Seven rules for creating successful global IT services – Rule 4

Ten years ago I was working at a large service provider who had many business units across many towns. We wanted to work with one IT environment, one e-mail account, one (dual) datacenter, one service desk, and a single standardized set of applications to help us to support our clients with singular truths (finance, logistics, client information, etc.). We were successful after several years, but it definitely took time. Not only due to the technical work – as this requires an in-depth roadmap for the technological and financial challenges – but also for the management of change, which can be complex in these scenarios. 

“Where is the service desk located?”, “What will happen to obsolete employees?”, “Which environment is the best (and who has to change)?”, “What is the business case?”. These are some typical questions which sit at the top of the iceberg. Resistance was also present in the form of: “The clients won’t accept this”, “I don’t have time for this”, “I don’t have the budget to support this”, and “I only will do this when you do something for me”.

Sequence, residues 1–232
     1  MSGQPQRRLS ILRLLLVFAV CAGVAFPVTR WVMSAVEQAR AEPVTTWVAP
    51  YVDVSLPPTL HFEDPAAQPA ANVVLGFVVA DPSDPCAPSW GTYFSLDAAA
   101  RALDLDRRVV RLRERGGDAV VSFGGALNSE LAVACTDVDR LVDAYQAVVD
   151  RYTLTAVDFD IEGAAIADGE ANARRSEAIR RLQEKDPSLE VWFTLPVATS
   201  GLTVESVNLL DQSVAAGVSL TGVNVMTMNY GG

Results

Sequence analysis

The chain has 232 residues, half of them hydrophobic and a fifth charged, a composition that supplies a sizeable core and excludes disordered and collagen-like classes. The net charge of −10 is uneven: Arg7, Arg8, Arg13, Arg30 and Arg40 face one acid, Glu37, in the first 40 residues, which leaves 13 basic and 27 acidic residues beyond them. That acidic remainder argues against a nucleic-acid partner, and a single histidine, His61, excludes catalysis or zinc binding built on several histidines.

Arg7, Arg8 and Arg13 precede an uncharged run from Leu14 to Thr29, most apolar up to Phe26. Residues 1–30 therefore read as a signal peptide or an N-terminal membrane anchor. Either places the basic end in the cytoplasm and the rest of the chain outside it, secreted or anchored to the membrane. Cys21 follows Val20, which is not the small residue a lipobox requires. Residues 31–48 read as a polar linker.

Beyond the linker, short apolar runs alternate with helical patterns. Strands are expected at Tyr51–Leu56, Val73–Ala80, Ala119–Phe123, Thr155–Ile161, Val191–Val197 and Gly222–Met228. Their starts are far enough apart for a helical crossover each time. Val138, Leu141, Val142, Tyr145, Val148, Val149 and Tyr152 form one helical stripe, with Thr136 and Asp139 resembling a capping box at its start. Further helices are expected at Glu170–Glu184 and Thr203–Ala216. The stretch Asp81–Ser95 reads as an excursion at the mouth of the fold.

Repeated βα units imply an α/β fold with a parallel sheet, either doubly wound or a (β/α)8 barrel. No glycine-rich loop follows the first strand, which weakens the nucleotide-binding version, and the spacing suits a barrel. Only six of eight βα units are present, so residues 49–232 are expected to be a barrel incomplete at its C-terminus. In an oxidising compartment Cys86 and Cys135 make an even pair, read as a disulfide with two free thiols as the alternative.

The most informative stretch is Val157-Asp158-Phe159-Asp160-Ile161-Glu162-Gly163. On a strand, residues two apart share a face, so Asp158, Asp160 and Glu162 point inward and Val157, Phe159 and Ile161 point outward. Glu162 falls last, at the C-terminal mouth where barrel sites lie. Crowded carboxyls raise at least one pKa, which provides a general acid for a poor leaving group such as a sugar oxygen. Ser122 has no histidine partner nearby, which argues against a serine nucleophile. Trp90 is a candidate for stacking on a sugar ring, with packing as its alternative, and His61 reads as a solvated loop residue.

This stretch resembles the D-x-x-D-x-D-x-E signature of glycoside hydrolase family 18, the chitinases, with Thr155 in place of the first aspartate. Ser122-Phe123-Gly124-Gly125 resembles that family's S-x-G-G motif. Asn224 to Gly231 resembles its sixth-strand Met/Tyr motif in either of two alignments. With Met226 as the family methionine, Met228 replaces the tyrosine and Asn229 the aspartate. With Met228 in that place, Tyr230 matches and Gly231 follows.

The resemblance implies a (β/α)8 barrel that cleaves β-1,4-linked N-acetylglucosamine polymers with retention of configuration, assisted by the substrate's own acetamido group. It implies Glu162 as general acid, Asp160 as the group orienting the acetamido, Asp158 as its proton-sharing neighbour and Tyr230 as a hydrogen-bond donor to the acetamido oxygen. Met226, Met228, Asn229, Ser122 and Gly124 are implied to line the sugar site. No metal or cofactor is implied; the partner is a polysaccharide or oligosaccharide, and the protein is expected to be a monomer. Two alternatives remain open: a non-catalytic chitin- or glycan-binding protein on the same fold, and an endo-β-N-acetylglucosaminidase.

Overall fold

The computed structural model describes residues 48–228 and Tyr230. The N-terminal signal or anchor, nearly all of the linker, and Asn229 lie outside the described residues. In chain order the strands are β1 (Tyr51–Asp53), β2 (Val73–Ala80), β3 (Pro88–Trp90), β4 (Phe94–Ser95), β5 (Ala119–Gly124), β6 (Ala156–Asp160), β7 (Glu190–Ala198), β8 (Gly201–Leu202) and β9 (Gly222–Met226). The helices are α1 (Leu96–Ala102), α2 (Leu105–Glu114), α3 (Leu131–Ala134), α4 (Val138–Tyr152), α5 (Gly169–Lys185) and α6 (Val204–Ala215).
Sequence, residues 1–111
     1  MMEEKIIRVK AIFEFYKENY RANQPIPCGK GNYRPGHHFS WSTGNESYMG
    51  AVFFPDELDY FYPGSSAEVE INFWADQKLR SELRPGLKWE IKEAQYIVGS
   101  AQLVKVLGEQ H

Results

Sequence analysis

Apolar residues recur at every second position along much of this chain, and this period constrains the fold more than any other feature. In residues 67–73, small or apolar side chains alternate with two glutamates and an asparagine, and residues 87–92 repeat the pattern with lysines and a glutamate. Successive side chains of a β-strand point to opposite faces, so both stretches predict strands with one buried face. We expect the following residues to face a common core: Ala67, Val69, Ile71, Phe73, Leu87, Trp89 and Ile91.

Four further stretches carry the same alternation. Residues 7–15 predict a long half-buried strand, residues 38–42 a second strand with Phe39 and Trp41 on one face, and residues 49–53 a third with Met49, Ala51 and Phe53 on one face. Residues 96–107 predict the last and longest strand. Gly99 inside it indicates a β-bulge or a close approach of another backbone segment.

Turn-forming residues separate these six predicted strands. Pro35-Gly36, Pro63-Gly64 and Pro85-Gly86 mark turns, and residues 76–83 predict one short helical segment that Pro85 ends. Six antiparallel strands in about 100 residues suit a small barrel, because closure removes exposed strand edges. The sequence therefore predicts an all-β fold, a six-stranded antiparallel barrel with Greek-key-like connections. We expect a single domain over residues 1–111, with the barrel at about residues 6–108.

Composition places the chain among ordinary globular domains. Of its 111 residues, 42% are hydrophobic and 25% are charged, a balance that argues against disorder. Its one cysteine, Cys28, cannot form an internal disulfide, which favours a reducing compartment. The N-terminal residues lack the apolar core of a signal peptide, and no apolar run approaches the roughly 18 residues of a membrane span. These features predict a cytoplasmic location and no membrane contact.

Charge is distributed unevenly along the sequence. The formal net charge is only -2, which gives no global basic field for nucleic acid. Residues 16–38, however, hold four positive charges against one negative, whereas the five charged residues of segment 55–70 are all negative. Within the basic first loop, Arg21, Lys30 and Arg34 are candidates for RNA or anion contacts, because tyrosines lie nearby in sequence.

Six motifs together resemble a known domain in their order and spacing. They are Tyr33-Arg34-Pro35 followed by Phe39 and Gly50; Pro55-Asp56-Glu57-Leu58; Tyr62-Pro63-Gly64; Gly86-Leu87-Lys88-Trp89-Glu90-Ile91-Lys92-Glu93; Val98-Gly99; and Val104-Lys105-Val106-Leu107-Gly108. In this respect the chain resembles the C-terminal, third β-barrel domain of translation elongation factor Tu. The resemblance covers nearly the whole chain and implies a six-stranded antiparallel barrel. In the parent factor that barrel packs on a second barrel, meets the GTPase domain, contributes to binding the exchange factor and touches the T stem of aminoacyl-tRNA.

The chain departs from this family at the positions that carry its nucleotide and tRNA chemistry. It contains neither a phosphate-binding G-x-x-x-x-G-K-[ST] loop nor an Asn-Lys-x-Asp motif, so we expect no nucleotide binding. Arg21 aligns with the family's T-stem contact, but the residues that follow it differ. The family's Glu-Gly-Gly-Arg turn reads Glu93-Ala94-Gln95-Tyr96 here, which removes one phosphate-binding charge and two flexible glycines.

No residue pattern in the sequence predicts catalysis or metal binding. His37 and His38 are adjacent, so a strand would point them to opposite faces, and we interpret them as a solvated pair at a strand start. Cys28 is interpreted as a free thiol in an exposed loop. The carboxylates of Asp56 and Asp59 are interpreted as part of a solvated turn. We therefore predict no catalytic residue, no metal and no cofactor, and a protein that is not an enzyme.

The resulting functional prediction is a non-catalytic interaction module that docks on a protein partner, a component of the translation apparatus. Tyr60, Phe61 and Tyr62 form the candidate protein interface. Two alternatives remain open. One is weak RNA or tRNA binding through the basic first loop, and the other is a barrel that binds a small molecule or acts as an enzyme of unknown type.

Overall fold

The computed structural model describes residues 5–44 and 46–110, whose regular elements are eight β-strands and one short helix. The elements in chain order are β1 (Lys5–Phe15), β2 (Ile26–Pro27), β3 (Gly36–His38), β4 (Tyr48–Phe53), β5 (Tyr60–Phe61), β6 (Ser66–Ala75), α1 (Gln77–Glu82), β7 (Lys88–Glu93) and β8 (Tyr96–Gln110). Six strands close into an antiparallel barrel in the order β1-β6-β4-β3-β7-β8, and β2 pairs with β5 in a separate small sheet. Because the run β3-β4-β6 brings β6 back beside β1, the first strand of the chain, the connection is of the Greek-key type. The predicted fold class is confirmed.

I see this story constantly repeat itself. Presently, global companies can see the advantages of an integrated IT environment where all employees around the globe can work with identical infor­mation that is supported by the best, relatively inexpensive IT services. All opportunities for offshoring and globalization should be explored. Quint has supported many of these local and global projects, and we have developed seven rules that have worked for us on both a global and local scale. 

Rule 4: Define and execute your sourcing strategy

Creating successful global IT servicesThe global changes you want to realize are complex, and they will be hard to execute all alone. You will need partners to support you. These partners can help continue the current work when your own employees have limited capabilities and/or time, start local hubs for specific services, and also deliver technologies that you may want to roll out globally. 

You could even decide to outsource specific IT services, or possibly all of them (see rule 2). In that case, you would need a service provider that has the resources to serve your organization long term. 

At the same time, take care in selecting any service provider because changing environments can cause that partner to no longer be the right one for you at a later point in time. To maintain your future flexibility, make sure that a clear exit strategy is defined to prevent you from vendor lock-in.

Next week we have a look at Rule 5: Balance between business goals and personal goals 

Read all seven rules:
Download our White Paper: Seven rules for creating a successful global IT services organization